Start with good bones. Every structure has to start with a solid foundation, sound walls and roof. Before you approach a Web site designer, understand your own approach to interior design and finding clients. You should be able to explain your vision easily. This understanding will help direct the designer in selecting colors, creating a unique framework, and even the font resulting in a site that successfully promotes your business.
Show your work. There may be many nice stock photos that fit within your own design aesthetic that you could use on your Web site. Don’t use them. Your portfolio is surely filled with fantastic examples of your own unique style and vision. If you don’t have enough high-quality pictures, invest in a better camera or hire a professional. The amount of money you spend will be balanced out by having examples of the great work you do. Plus, you’ll never have to explain in a face-to-face meeting why none of the pretty pictures on your site are actually in your portfolio.
Let your own talent be in the spotlight. Your clients want to discover what you can do and understand your sense of style to decide if working with you is a good fit. No one needs the distraction of seeing what you didn’t do (the before pictures). By using pictures of your own work, you allow your talent to truly shine.
Accessorize. Think of your Web site as your favorite room. Some things stay the same, like your favorite chair and coffee table. But, the accessories should change frequently to keep you interested and engaged. The photos and images on your site are the accessories; by updating them frequently, you’ll keep customers coming back and hold their interest. Change your photos at least once a season. And if you have an accomplished design that you’re especially proud of before the season changes, don’t wait! Show off your work like you’d show off the latest designer find to a favorite client or friend.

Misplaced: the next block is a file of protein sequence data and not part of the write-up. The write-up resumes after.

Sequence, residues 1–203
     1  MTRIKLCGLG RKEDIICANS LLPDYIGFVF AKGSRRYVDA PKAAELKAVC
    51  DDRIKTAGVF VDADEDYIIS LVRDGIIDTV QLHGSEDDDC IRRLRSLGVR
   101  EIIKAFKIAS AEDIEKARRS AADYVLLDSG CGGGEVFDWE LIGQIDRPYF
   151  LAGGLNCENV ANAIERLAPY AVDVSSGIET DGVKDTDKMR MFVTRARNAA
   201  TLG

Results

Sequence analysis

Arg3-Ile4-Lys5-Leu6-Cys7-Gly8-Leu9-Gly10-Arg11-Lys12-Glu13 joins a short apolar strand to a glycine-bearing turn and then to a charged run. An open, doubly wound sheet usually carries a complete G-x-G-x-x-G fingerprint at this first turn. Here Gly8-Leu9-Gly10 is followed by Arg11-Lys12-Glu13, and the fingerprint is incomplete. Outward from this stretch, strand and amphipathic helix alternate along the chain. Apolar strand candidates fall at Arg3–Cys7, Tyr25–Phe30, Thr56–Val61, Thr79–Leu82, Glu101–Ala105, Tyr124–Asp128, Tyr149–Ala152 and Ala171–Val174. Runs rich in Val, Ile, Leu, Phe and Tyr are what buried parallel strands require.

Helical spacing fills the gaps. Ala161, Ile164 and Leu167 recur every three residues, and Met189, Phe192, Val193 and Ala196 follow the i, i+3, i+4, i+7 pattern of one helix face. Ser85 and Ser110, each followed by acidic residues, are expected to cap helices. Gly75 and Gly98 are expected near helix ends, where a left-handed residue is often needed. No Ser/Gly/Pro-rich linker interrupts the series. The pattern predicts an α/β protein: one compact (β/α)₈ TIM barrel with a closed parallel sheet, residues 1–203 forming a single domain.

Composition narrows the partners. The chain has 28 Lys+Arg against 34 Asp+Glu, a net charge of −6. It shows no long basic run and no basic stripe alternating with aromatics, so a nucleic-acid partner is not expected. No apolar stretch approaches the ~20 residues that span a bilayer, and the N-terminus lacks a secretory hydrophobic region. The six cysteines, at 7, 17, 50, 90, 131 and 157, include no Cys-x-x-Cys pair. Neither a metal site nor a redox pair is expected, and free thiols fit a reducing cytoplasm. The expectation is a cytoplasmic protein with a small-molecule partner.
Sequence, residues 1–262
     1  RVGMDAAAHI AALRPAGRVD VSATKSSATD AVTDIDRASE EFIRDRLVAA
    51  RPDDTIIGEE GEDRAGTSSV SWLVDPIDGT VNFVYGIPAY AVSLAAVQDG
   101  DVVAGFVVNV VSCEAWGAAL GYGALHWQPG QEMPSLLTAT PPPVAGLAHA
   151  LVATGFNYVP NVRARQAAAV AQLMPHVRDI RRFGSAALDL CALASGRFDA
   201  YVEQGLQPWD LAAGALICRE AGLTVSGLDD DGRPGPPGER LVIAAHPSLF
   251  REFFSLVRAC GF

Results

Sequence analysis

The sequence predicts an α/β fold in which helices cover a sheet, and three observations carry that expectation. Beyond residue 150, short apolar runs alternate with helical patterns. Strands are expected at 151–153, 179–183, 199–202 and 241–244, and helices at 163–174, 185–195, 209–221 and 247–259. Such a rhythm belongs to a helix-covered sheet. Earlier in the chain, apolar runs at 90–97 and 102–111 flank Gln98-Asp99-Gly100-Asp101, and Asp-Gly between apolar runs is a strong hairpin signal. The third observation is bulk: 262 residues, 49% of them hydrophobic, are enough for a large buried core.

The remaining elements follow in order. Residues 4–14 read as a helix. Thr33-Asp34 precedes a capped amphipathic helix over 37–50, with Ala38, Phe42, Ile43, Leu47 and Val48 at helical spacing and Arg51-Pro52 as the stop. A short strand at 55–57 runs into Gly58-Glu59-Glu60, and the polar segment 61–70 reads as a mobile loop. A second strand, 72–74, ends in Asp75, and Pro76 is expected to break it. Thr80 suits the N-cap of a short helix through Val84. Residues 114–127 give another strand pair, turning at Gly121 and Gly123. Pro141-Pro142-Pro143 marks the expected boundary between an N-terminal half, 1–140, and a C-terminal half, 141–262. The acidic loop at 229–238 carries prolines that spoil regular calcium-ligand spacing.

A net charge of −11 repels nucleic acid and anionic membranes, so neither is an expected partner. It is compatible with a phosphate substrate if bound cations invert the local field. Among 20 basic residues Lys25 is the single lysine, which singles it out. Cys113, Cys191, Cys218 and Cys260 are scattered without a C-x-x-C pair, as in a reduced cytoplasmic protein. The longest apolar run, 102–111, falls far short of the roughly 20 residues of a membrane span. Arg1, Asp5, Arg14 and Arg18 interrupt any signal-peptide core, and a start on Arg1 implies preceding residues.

Edit. Take a good look at your finished Web site and inspect it like you would right before you show off your finished project to the client. Does the artwork set the right tone? Are the colors too brash, or are they spot-on? Will the design last, or be outdated by the next season? Are you forgetting anything? The most commonly overlooked aspect of a good Web site is the copy.
Your Web site needs well-written text. In order not to detract from the main focus of the site, the copy on your site must be used sparingly, yet pack an emotional punch. It needs to fill in the blanks your pictures, images, and artwork leave behind, completing the overall impression.
For this important task, consider trusting a professional. Hire a copywriter if you’re unsure of how to express yourself in a few short sentences. If you know exactly what to say, you should still hire an editor. A copyeditor will ensure that you didn’t make any grammatical mistakes, and that the tone of your copy matches the tone and feel of your Web site.
Keep up with the trends, don’t be a slave to them. Your Web site needs to highlight your unique talent, not the talent of your Web site designer. While it’s tempting to use all the available technology to show that you’re in touch with today’s world, using too many bells and whistles may drown out your own personality.
Ask questions of your Web site designer. Together, you should be able to examine the latest technology trends and understand the best application of each trend. Some of them will work with your vision, some of them may not. Be sure that you’re comfortable with how they will impact your client’s experience on your Web site.
In summary, a good Web site design is like a well-appointed room. A good Web site stays current without being trendy, sets a clear tone and vision of the owner, and puts the visitor at ease. Adopt the idea that your Web site is merely an extension of your own business and treat it with the proper respect, attention and care that it deserves.